Overtime for Sick Time, States' Off-Cycle Fiscal Plans, and Knowing What You're Buying
Plus: No love for committees, and more management news
Leaders in Louisville, Ky., are justifiably concerned about the way overtime is eating up the city's budget. According to Mayor Greg Fischer, as quoted by local news station WHAS11, "More than one in five city employees increased their base pay each year by at least 15 percent with overtime." That sure sounds like a lot of overtime, and we think it's an excellent issue for city managers to tackle.
But there's another wrinkle, about which we'd like to hear from you, B&G readers. The mayor complained that, "When you look at the data, about 25 percent of unscheduled overtime was worked by employees who also used sick time in the same pay period in which they earned overtime." So if an employee is sick on a Monday and works four extra hours on Friday, he or she gets overtime for those four hours. Is this fair? Is it unfair? We're withholding our own opinions until we hear from you.
Get on the cycle. The capacity of too many state and local governments to virtually ignore the existence of future expenses exceeds credulity. Of course, many states are now confronting the issues presented by delaying payments into state employee pension funds. But there are more time bombs out there.
Consider the bills coming due on loans from the federal government that were made to help states with inadequate unemployment insurance funding. The Center on Budget and Policy Priorities (CBPP) has just come out with an excellent short piece explaining that "[b]usinesses in 20 states must make the first payment tomorrow on about $35 billion that these states have borrowed from the federal government in recent years to help pay unemployment insurance (UI) benefits."
States needed to borrow that cash because they kept unemployment taxes, which were intended to keep those funds flush, too low. And so, when the recession hit, they were unprepared. New York, for example, had only nine percent of the Labor Department's standard for unemployment insurance funding back in 2007, according to the CBPP.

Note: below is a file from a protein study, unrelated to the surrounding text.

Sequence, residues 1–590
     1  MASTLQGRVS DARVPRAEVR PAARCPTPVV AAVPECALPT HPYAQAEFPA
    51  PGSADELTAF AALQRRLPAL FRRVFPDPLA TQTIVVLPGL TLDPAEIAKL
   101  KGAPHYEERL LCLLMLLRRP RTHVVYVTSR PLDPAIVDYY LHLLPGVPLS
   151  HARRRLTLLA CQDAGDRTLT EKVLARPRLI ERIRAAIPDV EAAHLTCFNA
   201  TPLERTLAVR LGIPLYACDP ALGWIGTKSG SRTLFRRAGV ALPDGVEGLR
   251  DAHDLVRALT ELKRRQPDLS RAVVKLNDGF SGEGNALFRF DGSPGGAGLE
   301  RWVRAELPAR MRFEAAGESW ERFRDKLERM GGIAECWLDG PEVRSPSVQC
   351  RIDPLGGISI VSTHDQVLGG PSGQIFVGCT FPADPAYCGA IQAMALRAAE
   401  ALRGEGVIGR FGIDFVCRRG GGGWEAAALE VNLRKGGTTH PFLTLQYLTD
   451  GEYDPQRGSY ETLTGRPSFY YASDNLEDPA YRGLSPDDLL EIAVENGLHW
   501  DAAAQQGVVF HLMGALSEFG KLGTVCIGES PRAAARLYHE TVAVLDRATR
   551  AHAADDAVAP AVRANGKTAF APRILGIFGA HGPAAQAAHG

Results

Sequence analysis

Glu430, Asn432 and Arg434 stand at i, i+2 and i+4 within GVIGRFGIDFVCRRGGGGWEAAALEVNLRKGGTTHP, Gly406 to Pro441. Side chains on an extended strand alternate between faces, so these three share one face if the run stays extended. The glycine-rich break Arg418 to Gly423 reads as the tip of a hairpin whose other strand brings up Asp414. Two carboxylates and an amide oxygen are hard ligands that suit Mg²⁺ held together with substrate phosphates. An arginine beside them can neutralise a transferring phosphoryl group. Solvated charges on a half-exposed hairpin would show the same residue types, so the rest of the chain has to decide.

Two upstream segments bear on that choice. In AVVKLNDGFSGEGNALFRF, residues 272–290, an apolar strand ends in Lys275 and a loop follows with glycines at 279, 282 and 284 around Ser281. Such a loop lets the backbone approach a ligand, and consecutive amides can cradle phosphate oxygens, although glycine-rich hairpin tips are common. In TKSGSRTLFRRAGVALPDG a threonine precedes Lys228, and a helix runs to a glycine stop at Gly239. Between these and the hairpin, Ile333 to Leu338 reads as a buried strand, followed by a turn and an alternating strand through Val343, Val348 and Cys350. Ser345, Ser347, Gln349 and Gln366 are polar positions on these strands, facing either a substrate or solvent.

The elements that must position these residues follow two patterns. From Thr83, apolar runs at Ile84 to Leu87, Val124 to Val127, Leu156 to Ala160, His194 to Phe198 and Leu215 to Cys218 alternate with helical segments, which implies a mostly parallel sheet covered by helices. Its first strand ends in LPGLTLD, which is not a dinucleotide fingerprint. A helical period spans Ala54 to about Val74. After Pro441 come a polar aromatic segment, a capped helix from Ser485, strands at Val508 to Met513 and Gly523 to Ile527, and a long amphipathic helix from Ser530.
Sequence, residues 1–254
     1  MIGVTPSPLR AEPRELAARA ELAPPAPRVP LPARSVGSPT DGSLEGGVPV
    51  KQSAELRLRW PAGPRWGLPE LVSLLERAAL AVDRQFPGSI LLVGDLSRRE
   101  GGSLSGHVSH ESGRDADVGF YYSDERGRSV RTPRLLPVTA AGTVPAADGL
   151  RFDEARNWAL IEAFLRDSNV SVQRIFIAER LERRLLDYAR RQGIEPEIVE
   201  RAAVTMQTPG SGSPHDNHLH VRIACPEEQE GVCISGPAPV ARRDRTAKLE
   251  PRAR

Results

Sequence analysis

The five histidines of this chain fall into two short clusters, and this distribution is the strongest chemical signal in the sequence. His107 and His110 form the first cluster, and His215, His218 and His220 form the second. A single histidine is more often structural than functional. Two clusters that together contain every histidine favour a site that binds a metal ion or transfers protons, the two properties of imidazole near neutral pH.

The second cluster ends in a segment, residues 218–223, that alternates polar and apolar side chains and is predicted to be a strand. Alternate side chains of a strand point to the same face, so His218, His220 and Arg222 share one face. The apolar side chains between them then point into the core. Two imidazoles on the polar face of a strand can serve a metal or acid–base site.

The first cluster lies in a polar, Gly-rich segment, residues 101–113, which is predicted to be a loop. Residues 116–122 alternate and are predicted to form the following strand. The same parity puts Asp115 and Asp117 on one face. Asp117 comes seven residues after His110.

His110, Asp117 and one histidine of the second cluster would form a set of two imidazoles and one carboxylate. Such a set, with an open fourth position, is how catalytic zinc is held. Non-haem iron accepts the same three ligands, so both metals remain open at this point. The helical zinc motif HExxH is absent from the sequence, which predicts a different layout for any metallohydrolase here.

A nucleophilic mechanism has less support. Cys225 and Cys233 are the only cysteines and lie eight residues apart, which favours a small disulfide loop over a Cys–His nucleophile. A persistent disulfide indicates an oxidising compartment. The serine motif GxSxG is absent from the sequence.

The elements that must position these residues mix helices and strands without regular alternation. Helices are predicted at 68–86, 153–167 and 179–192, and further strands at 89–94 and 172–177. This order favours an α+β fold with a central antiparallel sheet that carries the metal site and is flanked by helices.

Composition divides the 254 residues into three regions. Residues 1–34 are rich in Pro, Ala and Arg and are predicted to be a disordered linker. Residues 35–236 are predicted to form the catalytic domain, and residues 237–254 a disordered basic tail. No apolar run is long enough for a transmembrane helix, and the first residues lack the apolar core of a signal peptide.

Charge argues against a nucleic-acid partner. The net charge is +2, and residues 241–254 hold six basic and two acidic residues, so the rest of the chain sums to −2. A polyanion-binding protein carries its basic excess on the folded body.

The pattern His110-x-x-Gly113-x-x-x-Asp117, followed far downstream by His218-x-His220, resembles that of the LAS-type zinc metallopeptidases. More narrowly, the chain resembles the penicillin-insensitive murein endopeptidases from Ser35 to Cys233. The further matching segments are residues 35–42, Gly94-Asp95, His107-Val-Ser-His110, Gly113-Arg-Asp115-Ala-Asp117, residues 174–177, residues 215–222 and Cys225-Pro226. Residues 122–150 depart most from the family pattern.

Writes the CBPP, "States whose UI reserves proved inadequate in the last recession need to revisit their UI tax policies to ensure that they are better prepared for the next one. UI has played an important role in creating jobs and reducing poverty in the last few years; diminishing its power in future recessions would be a step in the wrong direction."
There's a bill going before the Florida Legislature that was reportedly spurred by legislators eager to privatize prisons. The proposed legislation says that important information about privatization efforts should not "be included in the agency's legislative budget request until after the contract for such a function is executed."
Sounds a lot like a car dealer requiring that you sign the contract on a new vehicle before he'd let you look under the hood.
We recently returned from the National Association of State Personnel Executives mid-year meeting, and we emerged with a renewed enthusiasm for the work its members are doing in trying to cope with unusually tough economic times. It's not easy, to be sure, managing workforces in states where the word "raise" is a punch line, not a budgetary line.
One interesting presentation we sat in on came from Sara Wilson, director of the Virginia Department of Human Resource Management. The state had an emergency grant program to help employees suddenly confronted with unanticipated catastrophes. But leaders became aware that a number of employees needed quick, short-term financial help for reasons that weren't true emergencies. What to do?
The Commonwealth decided to institute its own small lending program in July 2009, which would avoid gouging employees, as often happens with so-called "payday lending." The program is only available to non-probationary salaried full-time employees, and no credit check is required. There's a $500 cap to the loans and a two-per-year limit, with a six-month period for repayment and a 24.99 annual percentage rate.
Sound high? Maybe, but no higher than many credit cards — and far lower than the alternatives. Interest on a $500 loan over a six-month period, for example, is $40, compared to $112 for a 14-day loan from other vendors. Meanwhile, it doesn't cost the state a penny. Apparently, it's working extremely well, with 7,471 bite-size loans funded with a little more than $7 million in revolving funds. Less than one out of a hundred loans turn bad. And here's our favorite part: Borrowers are also required to take an online financial literacy class.